By Rabbi Yael Buechler | January 12, 2022 | Originally published in Mothermag.com
“That’s not my mask!” my three-year-old exclaimed as I tried to fit him with the new surgical accessory he will be wearing to school this week. Change is hard for everyone, let alone a preschooler accustomed to wearing cloth masks for as long as he can remember. “It’s tie-dye,” I offered, trying to rationalize the change though I knew that he, like me, greatly prefers the soft feel of jersey fabric.
I never imagined that parenting would involve negotiating with a preschooler on medical-related matters. Leading up to winter break, I pleaded with my son to wear a mask at recess, even though his teachers (and the C.D.C.) said it was kosher to remove them outdoors. I still don’t know if he complied.
Like other families, we spent the first year of the pandemic hunkered down at home. The following year, my preschooler and his four-year-old brother returned to school—while we anxiously awaited an email announcing that one or the other’s class was in quarantine. This wave of Omicron in year three is pushing me—and other parents of young children—to a new level of anxiety.
The usual distractions, like TV bingewatching, don’t help me anymore. Even the second season of Emily in Paris, with its bright and outlandish outfits, couldn’t filter out Omicron dread. I want to give my younger son every protection in the world, and I want the vaccine to be safe and effective when kids under 5 are finally able to receive it. But for now, my hands are tied: He’s not yet eligible for the vaccine like his older brother.
In the meantime, it feels like I’m making momentous health decisions for him every day. Should I allow him to use the elevator in our apartment building, or is that increasing his risk? Do I continue sending him to a school where he can learn and socialize with his peers—even though it surely increases his chances of getting Covid-19, given the speed at which this variant is spreading? We live in the Bronx which has the highest positivity rate of all of the New York City boroughs, at a whopping 27%. Sometimes I wonder if we should just throw up our hands and give in to the likelihood that this virus will enter our home sooner or later.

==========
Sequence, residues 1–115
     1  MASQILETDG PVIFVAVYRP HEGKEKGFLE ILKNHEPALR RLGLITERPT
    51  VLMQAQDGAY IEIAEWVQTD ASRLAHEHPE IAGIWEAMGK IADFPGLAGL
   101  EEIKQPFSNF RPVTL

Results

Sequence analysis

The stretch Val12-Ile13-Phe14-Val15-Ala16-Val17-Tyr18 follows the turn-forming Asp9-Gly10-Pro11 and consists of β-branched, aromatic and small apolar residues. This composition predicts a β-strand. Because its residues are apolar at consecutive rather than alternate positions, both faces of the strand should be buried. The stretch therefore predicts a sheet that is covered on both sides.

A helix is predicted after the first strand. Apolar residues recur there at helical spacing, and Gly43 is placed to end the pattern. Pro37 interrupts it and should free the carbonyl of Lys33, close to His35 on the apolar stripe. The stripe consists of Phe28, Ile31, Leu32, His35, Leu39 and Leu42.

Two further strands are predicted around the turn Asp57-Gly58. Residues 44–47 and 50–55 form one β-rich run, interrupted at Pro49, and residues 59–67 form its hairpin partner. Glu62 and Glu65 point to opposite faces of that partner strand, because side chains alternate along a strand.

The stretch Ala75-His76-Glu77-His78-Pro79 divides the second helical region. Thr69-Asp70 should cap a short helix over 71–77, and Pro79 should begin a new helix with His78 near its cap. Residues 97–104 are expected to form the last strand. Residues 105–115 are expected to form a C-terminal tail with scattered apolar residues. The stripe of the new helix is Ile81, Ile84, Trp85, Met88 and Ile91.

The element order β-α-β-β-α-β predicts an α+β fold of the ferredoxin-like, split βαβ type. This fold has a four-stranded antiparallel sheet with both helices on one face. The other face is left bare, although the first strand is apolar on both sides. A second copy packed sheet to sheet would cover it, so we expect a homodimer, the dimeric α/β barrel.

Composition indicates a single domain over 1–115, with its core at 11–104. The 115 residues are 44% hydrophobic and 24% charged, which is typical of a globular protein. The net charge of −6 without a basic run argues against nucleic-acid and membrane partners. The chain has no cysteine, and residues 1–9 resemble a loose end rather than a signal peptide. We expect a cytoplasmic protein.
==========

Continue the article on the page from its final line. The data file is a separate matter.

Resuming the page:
Experts say this variant is milder—which is great, except they’re mostly talking about individuals who are double vaccinated and boosted. In fact, just last week C.D.C. director Rochelle Walensky told reporters that we are “sadly…seeing the rates of hospitalizations increasing for children 0-4, who are not currently eligible for Covid-19 vaccinations.” Bottom line: I would greatly prefer that my three-year-old not get this virus.
I work as a rabbi in an elementary school. I’m not as concerned about the transmission rates there since most students and faculty that should be home are at home—that list is very long right now. And overall, the parents and administration—I include myself in both categories—have done as much as possible to establish safe pandemic protocols and uphold them.
Yet with younger, nursery-age students, social distancing isn’t really possible, and enforcing consistent mask-wearing is tough. Kids still need to eat snacks and lunch, and have rest time (which we could all use at this point!)—which are unmasked activities.
Upon returning to school after New Year’s, my son brought home five projects from nursery school: a toilet-paper penguin with cotton balls surrounding it, paper hands with statements of gratitude, two abstract pieces, and a birdfeeder. Some of these projects were left over from 2021, when his school thankfully closed early to reduce potential transmissions.
As I walked in the door, he was eager to explain each project to me, insisting that we immediately find a place to hang the birdfeeder (alas, there is no backyard or balcony here).
My son didn’t see the tears in my eyes as I removed my winter coat and mask and breathed in a whiff of normalcy. For a moment there, I envied that penguin, so cozy and safe in his cotton display.
Writer and mother of two Rabbi Yael Buechler is the founder of MidrashManicures.com, which creates fashion items for Jewish holidays. She’s excited for the debut of Matza Pajamas, inspired by her three-year-old, which will help her get through another pandemic Passover.